A complete guide on an individual career plan should include steps on how to assess your skills, interests, and values; identify potential career options, and create a plan to achieve your goals.
To get started, visit The Strong Interest Inventory Career Report page:
And enter your unique identifier (assigned by our system after purchase). After subscribing to the Career Exploration Service, you will gain access to your Strong Interest Inventory Career Report.
The report contains over 400 occupational titles, which are organized into six sections:
Environment, Activities, Work Styles, Personal Traits, Industry, and Global Perspectives. Each section is further subdivided into groups of related occupations; the titles in each group share similar traits (interest areas).
In the Career Exploration Service, you will see how each of these six sections and their groups fit your interests as measured by your Strong Interest Inventory results. You will also receive a list of occupations for each section that match certain levels of interest. For example, if you score high on Artistic in the Creative group under Environment, you might also score high on Actor, Photographer, or Painter as a potential occupation.
In some cases, you may see multiple occupations listed as possibilities for each section:
In those cases, this means that the level of interest indicated by your scores is generally considered to be a good match for all of those careers. There are many possible reasons why an interest might be considered a good match for multiple occupations. For example, someone with high Investigative scores is likely to use similar skills and traits in both Forensic Pathologist and CSI Investigator, but the different work settings (hospital/morgue vs. crime lab) account for the differences in these occupations.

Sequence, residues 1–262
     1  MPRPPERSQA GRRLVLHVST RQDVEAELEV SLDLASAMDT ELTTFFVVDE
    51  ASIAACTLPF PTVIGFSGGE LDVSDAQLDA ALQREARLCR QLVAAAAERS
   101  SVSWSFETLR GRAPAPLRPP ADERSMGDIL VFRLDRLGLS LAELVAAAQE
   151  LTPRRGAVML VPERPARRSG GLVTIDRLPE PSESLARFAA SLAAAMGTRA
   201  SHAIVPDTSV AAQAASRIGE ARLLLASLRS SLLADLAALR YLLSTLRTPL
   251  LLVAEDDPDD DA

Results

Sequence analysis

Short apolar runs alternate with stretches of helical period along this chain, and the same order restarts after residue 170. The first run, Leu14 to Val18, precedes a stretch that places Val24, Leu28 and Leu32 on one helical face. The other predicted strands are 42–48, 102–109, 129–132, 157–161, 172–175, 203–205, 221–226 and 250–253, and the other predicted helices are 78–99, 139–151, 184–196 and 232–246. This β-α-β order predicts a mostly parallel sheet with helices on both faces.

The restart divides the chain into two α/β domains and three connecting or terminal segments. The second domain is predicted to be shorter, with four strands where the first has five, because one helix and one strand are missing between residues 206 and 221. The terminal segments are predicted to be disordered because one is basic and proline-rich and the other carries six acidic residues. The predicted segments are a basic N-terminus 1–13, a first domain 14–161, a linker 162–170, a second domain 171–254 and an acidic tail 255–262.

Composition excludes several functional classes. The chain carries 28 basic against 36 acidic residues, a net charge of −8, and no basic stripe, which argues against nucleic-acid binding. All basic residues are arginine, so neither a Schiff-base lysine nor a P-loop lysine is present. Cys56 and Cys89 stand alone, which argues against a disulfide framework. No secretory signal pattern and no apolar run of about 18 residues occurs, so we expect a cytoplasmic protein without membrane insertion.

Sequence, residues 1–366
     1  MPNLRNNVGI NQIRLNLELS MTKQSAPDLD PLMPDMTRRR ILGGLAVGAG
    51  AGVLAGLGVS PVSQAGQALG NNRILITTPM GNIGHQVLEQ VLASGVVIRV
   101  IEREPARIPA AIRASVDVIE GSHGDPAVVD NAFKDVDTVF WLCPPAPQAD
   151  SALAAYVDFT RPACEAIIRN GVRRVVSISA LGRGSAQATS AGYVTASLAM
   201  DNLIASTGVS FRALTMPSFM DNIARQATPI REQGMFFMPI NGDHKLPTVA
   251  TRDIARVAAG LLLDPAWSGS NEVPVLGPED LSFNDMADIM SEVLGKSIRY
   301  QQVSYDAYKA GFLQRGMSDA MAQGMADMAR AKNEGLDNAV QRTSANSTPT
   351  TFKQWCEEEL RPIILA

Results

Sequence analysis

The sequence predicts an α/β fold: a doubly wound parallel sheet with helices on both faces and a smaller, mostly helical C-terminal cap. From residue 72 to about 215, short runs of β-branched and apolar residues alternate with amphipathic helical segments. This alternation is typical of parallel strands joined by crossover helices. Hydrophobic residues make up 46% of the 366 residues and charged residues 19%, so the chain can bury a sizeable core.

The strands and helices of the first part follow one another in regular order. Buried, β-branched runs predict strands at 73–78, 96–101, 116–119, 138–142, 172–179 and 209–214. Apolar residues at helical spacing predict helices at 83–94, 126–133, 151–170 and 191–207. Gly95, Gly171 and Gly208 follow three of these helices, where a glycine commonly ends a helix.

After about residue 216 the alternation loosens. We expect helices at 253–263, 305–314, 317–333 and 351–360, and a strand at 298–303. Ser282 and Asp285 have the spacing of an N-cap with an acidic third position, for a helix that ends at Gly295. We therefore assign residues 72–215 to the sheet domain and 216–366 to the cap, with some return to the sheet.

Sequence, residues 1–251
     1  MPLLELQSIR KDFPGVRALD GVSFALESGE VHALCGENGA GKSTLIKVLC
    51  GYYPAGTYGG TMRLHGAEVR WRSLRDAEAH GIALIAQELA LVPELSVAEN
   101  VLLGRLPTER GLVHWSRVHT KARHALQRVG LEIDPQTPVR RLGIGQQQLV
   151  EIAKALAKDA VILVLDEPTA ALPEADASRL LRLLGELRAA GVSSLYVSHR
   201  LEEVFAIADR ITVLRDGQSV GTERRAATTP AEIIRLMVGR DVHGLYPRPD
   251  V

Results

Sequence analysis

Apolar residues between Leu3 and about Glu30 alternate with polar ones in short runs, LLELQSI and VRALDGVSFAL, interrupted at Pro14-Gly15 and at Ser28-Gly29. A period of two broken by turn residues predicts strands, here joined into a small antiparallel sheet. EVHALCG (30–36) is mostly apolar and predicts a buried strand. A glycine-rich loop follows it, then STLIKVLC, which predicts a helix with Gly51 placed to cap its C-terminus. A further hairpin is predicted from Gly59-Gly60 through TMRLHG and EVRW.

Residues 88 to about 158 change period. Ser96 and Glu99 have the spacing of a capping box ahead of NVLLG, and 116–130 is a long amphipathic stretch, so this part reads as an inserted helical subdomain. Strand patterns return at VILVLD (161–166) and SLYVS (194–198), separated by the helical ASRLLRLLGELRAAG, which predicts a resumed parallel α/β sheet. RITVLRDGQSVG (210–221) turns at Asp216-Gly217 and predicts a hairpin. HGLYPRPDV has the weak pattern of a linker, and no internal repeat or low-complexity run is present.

Your Career Exploration Service report will also include your top six interest areas and the related occupational titles:
These are the main interest areas that describe you best based on your Strong Interest Inventory assessment results. For example, someone with high Enterprising scores is likely to score high in Business Management, Entrepreneurship, Sales Management, Communication Technology Design, Advertising/Marketing Management, and Communications Director.
After reviewing your Career Exploration Service report, you can identify potential career options by narrowing down these lists of titles to those that are most interesting. From there, you can use the information on each occupation’s website to learn more about that career field. You can also talk with people working in careers that interest you, which is another great way to learn more about a career.
Once you have identified possible occupations that interest you, the next step is to find out if your education and work experience match these careers. If so, you can start planning how to enter the field by researching typical educational requirements and job outlook for each occupation. You can also contact people currently in these careers for their input.
People who are just starting in their careers often find it helpful to connect with experienced employees in these fields for advice about further education, work experience, and job prospects. Asking your guidance counselor or career center at school may be one way to get started finding people who can help guide you in the right direction.